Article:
Why the DEA Chooses to Control Cannabis in Schedule
Unlike the United States, most of the world has agreed that cannabis extracts, and CBD in particular, possess strong potential as therapeutic agents for a wide variety of diseases and disorders1. CBD remains one of the largest untapped therapeutic markets in the world. Its legal status over the past century has created a black hole in our scientific and medicalunderstanding. While the jury is still out on the exact efficacy of CBD, its use is catching fire in our collective imaginations.
While the federal government has not always had a specific definition for it, it maintains to have never ceased considering CBD a Schedule I drug. The DEAs rationale is that since it is not listed separately in the Code of Federal Regulations, it is considered a “derivative” or “component” of cannabis. Its scheduling was clarified under drug code 7350 of the Controlled Substances Act (CSA)2. Even though §7606 of the 2014 ‘Farm Bill’ classifies ‘Industrial Hemp’ as “all Cannabis plants with a THC content below 0.3%”3—essentially saying high-CBD cannabis strains are legal to cultivate—sub-section (a)(1) clearly restricts its use and cultivation to research purposes by an institute of higher education or state department of agriculture AND for products not intended for human consumption.
Now, even with H. R. 5485, the Hemp Farming Act of 2018, re-amending the CSA to exclude Industrial Hemp, previous precedent by the 9th Circuit stands: “if an extract of cannabinoids were produced using extracted resin from any part of the cannabis plant (including the parts excluded from the CSA definition of marijuana), such an extract would be included in the CSA definition of marijuana”4.
The DEAs logic, while not exactly sound, is very difficult to overturn. Basically, they argue that cannabis as a natural product has too many ingredients that have not been tested. So, to overturn their decision from the inside would essentially require clinical trials on each and every cannabinoid and terpene, and then on all of them together in combination. With the hurdles currently in place, it would realistically take dozens of decades to amass sufficient clinical evidence to overturn the decision.
A great analogy that helped me understand the ostensible reason why the DEA chooses to control cannabis in Schedule I was its comparison to opium. Although causing analgesia, smoking opium is a poor drug delivery vehicle, both in terms of dosing and potential health liability. Natural products also contain a multitude of compounds whose individual effects on human health have not been tested. Approved pharmacological and clinical studies of opium isolated and verified the efficacy and safety of the active pharmacophore, and now patients have access to oxycodone and morphine, which are administered orally or intravenously and are highly dose-controlled. The FDA approval of Epidiolex indicates the agencies (DEA, HHS) do not consider cannabinoids to lack medicinal benefits in and of themselves, but rather disprove of the delivery method of and unverified compounds in cannabis flower.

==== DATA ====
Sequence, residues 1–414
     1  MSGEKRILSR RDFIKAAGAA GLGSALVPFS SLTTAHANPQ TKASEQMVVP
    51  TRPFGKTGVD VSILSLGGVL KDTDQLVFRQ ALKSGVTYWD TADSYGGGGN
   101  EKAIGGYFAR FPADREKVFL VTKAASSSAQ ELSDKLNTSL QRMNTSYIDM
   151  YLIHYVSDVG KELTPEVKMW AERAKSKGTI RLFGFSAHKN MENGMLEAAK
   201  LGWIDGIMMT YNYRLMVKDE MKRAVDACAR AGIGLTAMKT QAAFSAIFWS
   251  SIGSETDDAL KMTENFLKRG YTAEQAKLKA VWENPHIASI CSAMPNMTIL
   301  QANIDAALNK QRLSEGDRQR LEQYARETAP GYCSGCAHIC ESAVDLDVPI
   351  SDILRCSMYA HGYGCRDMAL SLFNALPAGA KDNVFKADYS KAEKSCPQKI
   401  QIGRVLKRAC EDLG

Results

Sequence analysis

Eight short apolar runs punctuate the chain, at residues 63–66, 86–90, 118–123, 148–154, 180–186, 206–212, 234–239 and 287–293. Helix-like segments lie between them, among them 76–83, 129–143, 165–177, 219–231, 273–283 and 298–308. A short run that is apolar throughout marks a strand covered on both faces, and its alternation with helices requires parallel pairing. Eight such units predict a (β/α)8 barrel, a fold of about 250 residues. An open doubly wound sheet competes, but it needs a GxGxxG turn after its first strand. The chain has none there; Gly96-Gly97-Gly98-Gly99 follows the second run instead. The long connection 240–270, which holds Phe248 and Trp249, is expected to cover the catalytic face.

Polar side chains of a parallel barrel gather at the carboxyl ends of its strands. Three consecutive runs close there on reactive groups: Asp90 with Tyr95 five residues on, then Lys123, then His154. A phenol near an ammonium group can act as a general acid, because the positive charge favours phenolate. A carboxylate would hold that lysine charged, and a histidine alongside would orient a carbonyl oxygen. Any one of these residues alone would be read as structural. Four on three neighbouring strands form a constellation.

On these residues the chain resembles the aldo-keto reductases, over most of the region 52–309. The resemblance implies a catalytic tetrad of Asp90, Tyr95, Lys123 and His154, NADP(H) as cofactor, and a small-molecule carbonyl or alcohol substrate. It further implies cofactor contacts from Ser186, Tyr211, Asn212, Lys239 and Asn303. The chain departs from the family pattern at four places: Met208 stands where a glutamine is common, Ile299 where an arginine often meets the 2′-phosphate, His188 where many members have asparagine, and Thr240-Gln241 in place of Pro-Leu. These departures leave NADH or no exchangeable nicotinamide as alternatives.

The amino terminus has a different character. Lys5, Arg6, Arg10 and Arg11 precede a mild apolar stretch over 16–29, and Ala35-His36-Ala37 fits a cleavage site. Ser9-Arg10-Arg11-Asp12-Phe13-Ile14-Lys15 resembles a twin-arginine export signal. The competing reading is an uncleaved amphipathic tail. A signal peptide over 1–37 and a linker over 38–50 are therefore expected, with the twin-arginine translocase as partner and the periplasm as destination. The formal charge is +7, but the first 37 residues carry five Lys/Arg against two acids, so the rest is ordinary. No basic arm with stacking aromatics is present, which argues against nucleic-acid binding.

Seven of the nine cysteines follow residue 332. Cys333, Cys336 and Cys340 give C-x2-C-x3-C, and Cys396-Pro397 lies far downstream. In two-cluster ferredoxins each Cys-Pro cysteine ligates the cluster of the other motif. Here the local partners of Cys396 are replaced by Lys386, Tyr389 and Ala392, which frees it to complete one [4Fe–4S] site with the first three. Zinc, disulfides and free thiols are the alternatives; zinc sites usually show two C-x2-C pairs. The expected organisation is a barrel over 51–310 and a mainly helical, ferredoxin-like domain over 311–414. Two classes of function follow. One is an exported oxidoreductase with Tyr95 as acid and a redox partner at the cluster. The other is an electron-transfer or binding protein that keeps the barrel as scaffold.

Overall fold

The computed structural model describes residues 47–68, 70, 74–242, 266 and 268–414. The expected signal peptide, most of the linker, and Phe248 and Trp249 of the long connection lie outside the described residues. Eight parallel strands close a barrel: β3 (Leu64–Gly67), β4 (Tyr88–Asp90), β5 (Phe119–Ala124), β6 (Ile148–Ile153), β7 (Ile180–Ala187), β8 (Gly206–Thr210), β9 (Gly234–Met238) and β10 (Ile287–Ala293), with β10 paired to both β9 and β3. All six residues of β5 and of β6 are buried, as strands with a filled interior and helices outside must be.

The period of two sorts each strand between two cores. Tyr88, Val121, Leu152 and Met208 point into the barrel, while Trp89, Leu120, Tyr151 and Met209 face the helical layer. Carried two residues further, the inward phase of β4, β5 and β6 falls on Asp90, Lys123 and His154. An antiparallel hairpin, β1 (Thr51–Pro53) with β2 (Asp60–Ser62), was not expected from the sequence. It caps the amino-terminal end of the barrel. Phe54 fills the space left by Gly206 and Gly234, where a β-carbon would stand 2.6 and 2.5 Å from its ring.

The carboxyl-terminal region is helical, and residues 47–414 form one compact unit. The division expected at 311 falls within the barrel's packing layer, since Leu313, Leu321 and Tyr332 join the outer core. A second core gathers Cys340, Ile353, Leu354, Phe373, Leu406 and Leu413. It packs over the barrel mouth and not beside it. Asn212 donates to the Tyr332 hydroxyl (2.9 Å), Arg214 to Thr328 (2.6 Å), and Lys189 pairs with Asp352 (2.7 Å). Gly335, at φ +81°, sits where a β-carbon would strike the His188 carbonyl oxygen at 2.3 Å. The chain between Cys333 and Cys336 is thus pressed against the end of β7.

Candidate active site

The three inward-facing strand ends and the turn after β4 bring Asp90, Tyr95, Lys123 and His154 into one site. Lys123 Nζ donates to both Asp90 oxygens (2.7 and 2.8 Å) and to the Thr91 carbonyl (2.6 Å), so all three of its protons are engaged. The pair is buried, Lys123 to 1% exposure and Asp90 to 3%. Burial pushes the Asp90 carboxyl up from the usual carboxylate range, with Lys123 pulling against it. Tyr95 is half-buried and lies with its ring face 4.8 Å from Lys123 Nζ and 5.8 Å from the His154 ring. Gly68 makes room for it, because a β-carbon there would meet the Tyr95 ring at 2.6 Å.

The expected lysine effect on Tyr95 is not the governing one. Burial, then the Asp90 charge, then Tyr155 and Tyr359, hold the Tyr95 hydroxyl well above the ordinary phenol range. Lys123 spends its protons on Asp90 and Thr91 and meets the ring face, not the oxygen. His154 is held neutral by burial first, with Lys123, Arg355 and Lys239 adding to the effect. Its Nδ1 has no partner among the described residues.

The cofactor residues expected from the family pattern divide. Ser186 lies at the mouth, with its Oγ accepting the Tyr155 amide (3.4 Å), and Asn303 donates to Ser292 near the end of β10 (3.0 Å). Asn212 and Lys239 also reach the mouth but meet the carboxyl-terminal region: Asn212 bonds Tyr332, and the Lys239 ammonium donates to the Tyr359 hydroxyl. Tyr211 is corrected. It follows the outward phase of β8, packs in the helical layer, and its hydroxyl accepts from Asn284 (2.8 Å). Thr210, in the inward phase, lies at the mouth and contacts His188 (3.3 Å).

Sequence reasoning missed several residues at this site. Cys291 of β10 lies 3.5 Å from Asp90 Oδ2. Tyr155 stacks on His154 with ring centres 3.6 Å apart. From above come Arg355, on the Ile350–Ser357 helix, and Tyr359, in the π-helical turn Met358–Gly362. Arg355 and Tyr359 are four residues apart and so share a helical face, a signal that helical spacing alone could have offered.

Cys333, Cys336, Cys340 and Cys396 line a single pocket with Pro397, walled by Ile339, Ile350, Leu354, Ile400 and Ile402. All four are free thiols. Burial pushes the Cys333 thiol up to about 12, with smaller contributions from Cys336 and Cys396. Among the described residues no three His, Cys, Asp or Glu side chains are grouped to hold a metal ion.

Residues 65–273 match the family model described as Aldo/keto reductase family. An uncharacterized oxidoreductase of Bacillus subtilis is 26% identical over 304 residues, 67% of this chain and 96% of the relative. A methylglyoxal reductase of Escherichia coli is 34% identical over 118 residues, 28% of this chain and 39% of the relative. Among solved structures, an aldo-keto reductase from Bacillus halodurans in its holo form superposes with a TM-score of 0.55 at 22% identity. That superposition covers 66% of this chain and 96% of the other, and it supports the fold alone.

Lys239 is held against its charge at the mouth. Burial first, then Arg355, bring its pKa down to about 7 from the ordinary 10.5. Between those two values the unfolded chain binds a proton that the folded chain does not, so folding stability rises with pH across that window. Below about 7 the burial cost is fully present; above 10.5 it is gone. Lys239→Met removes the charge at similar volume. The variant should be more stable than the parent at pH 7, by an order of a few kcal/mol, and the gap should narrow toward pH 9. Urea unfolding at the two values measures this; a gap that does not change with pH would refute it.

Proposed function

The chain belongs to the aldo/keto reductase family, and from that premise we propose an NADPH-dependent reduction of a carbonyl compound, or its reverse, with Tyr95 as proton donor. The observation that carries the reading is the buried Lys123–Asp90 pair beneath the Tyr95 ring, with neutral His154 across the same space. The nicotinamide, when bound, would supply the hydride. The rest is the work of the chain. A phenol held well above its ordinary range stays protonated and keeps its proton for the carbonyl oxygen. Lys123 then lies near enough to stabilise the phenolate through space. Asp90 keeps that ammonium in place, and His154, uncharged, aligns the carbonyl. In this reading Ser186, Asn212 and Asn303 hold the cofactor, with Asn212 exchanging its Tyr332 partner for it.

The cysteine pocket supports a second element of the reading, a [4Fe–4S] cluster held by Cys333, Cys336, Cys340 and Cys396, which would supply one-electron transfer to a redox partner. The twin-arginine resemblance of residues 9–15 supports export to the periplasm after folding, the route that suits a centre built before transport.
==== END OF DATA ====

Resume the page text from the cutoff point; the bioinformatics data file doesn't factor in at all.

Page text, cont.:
It is often difficult for researchers to gain access to the quantity, quality, and type of cannabis product necessary to address specific clinical research questions on the health effects of cannabis use. Many people are not aware that all the research-grade cannabis used in basic or clinical trial is grown at the University of Mississippi—nowhere else. Naturally, it is difficult for a single facility at the University of Mississippi to replicate the array and potency of products available in dispensaries across the country.In fiscal year 2015, studies supported by the National Institute on Drug Abuse (NIDA) accounted for 59.3% ($66,078,314) of all NIH spending on cannabinoid research; however, only 16.5% ($10,923,472) of NIDA’s spending on cannabinoid research supported studies investigating therapeutic properties of cannabinoids4. In other words, while the government sponsors cannabinoid research to some extent, the vast majority of funds are directed towards research investigating its abuse, and not its medicinal use.
In the end I believe it must be the people (via an Act of Congress) who decide to reschedule cannabis, and not an interagency process.There’s even precedence for Congress directly amending the Controlled Substance Act without asking the DEA6. Because of the strict clinical safety requirements that must be demonstrated for federal agency approval, while concurrently thesupply of cannabis meant for research purposes is deadly controlled and not at all reflective of the cannabis genotypes currently available in state markets, I do not believe that the FDAs approval of Epidiolex will lead (even indirectly) to the rescheduling of cannabis itself.
However, when you think about how much change is happening on the popular front, and that the largest voting bloc (seniors) are becoming more and more enamored with medical/recreational cannabis, I think it’s increasingly likely that the Booker/Sanders Marijuana Justice Act—or something like it—will finally tip the scale towards rescheduling and maybe even full-blown legalization.
- Cannabidiol (CBD) Pre-Review Report. Expert Committee on Drug Dependence. World Health Organization. Thirty Ninth Meeting, Agenda Item 5.2. November 6-10, 2017.
- Establishment of a New Drug Code for Marihuana Extract. 81 Fed. Reg. 90194.
- Legitimacy of Industrial Hemp Research. 7 USC 5940.
- (9th Cir. 2004) (Hemp II).
- The Health Effects of Cannabis and Cannabinoids: The Current State of Evidence and Recommendations for Research. Washington (DC): National Academies Press (US); 2017 Jan 12. 15, Challenges and Barriers in Conducting Cannabis Research.
- Addition of Gamma-Hydroxybutyric Acid to Schedule I. 21 CFR Parts 1301 and 1308.